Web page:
Warm Season Grass
Warm-season grasses are types of grass that thrive in warm climates. They are typically green all year long, although they may go dormant during periods of extreme drought. Here is the mowing height recommendation for some common warm-season grasses:
- Kikuyu Grass: 1 to 1-1/2 inches
- Bermuda Grass: 1/2 to 2-1/2 inches
- Centipede Grass: 1 to 2-1/2 inches
- Zoysia Grass: 1/2 to 3 inches
- St. Augustine Grass: 1 to 3 inches
- Buffalo Grass: 1-1/2 to 4 inches
- Bahia Grass: 2-1/2 to 4 inches
The best time to grow cool-season grasses is during the cool winter months. They are typically green during the spring and autumn, but they may turn brown during the summer months. It is recommended that you mow cool-season grasses to the following height ranges:
- Perennial Ryegrass: 3/4 to 2-1/2 inches
- Kentucky bluegrass: 3/4 to 3-1/2 inches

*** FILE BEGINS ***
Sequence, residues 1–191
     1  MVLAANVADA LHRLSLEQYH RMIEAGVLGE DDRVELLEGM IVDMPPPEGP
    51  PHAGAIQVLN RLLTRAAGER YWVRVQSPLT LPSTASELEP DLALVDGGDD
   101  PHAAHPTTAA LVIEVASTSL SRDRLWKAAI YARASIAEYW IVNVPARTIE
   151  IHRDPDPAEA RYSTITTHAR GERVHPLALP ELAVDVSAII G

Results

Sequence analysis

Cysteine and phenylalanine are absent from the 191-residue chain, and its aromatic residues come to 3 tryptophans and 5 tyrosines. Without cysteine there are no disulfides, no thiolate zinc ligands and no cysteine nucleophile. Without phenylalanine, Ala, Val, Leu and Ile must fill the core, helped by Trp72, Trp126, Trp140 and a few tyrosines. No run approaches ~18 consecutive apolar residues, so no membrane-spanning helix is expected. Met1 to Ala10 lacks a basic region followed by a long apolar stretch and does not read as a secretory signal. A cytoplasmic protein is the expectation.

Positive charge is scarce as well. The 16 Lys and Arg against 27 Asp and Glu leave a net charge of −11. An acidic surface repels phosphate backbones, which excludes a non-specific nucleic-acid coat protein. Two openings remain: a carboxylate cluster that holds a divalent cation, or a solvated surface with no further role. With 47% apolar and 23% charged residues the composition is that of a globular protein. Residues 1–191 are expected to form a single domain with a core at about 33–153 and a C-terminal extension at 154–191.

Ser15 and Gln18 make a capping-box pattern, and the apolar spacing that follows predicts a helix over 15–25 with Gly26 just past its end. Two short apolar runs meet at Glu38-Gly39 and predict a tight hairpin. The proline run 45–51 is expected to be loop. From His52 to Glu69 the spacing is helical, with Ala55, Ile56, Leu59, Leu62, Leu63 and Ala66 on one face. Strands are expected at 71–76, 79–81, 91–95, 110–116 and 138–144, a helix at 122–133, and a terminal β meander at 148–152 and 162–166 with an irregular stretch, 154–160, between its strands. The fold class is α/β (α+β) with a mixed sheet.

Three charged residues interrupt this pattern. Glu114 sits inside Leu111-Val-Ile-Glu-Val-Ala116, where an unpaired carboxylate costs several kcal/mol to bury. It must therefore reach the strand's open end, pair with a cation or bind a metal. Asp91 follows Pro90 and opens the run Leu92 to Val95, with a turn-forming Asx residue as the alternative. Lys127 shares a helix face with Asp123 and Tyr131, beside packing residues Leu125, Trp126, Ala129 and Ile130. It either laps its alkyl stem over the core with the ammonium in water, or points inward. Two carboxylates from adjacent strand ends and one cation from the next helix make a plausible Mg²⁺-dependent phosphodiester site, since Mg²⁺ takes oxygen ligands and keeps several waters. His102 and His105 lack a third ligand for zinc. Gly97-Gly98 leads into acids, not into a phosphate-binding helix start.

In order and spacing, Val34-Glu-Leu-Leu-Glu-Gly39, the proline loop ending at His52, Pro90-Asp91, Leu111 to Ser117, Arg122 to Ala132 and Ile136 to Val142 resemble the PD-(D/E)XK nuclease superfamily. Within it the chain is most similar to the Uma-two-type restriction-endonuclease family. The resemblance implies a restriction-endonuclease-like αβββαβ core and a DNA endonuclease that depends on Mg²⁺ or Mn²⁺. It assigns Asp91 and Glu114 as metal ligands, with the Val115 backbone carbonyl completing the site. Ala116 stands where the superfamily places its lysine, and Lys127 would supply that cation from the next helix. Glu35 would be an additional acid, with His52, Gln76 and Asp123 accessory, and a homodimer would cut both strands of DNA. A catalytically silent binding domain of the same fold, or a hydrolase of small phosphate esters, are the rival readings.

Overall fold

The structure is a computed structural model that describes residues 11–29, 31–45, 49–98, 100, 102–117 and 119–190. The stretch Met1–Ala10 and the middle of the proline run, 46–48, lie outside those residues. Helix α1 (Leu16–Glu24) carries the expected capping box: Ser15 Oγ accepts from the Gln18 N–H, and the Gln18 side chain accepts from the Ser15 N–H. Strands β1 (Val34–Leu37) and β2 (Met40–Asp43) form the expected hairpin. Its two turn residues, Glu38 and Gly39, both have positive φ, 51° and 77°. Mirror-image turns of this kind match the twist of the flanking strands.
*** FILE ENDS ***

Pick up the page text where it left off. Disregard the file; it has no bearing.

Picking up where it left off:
- Fine fescue and Tall Fescue: 1-1/2 to 4 inches
Tips or Things To Avoid When Cutting After OverSeeding before and after
Sometimes people new to overseeding their lawns make some mistakes when it comes to mowing. An accurate time plan and proper maintenance are critical to having a healthy and good-looking lawn. Here are some tips to help you avoid any issues.
Using Inappropriate Equipment To Cut Grass Blades
Using the incorrect mower is one of the most common blunders that gardeners make. A rotary mower with small wheels and a dull blade will scalp your seedlings. It will damage or kill the grass plants causing all your hard work to waste. Be sure to use a sharp blade slit seeder or reel mower.
Correct Machine Usage
It is also important to know how to use the machine properly. Read the manufacturer’s instructions carefully. Be sure to set the blade height correctly. If you are unsure, it is always better to err on the side of caution and cut grass a little higher rather than too low.